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​Decoding the jargon- Repo Rate

There can be many scenarios wherein the commercial banks may suddenly require a lot of liquid money; scenarios like sudden redemption or withdrawal of funds in bulk or in order to maintain its Statutory Liquidity Ratio (SLR) or Cash Reserve Ratio (CRR) . When you face a shortage of funds, you probably go to your parents, but where can a bank go? The bank takes a loan from the Reserve Bank of India by keeping Government Securities as collateral with the RBI. At the end of the loan term, which is either overnight or 7 days, the bank repurchases the Government Securities by paying back the loan amount along with a pre-decided interest rate.

Hence, the repo rate is the interest rate at which the RBI lends money to the commercial banks to help them enhance their liquidity. In case the bank defaults in paying the money back to the RBI, the latter sells the G-Secs that were kept collateral, further in the market.

Let us see an example-

As an illustration, considering a hypothetical repo rate of 6.5%, below is the bank’s borrowing process-

Bank’s repaying process-

What’s the significance of Repo Rate for our economy?

Regulating the repo rate is one of the tools that the RBI adopts, in order to regulate the inflation and growth in the economy. Consider a situation where the inflation in the economy is high; the RBI will increase the repo rate in order to bring it down. Let’s see how that works:

How Repo Rate affects your mutual fund investments?

Debt Mutual Fund schemes-

Considering an example, assume that a 10-year Government bond was issued at face value of Rs 100 and interest (coupon) rate of 8%. This implies the yield in this bond is Rs 8. Now, if the repo rate increases and the lending rate is increased to, say, 10%, that would mean that the yield for the new bond issued will be Rs 10. This will bring down the demand of the 8% bond since the 10% coupon rate promises better returns. To make the former more attractive, the face value of the bond will be decreased to, say, Rs 90. The yield for this bond now becomes 8.89% (8/90*100), which is higher than the original, hence making it more attractive. Hence, an increase in interest rate is directly proportional to the yield and inversely proportional to the face value.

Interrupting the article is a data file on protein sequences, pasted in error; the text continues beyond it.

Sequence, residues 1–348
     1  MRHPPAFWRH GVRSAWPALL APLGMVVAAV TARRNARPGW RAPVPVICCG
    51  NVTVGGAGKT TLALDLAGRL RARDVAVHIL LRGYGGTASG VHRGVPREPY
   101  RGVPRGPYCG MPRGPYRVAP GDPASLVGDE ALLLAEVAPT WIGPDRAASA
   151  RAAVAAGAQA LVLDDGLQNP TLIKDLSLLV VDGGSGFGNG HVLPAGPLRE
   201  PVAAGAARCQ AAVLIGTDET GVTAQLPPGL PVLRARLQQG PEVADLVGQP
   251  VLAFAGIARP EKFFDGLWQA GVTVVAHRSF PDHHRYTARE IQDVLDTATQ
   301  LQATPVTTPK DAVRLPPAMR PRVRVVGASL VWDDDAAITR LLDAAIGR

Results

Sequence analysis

Debt mutual fund schemes invest in fixed income securities like Government bonds; hence, a decrease in repo rate may make the debt schemes more attractive as it may increase the NAV of the debt schemes. The margin of gain will depend on the average maturity and the securities the scheme holds.

Equity Mutual Fund schemes-

Equity schemes see an indirect impact of the repo rate changes. For example, if the interest rates drop, that may result in more funds being available to the corporates, which can boost their earnings and cashflow thereby leading to higher stock prices. This shift may not be seen immediately but may happen gradually. This results in positive sentiment in the equity market and the gains may thereby increase for the schemes that invest in equity.

As you can see, a change in the repo rate can directly or indirectly affect your debt and equity-linked investments. But before making any shifts in your investing strategy because of the repo rate regulations, it is recommended that you consult your financial advisor. Watch this space for more such jargon-decoding!


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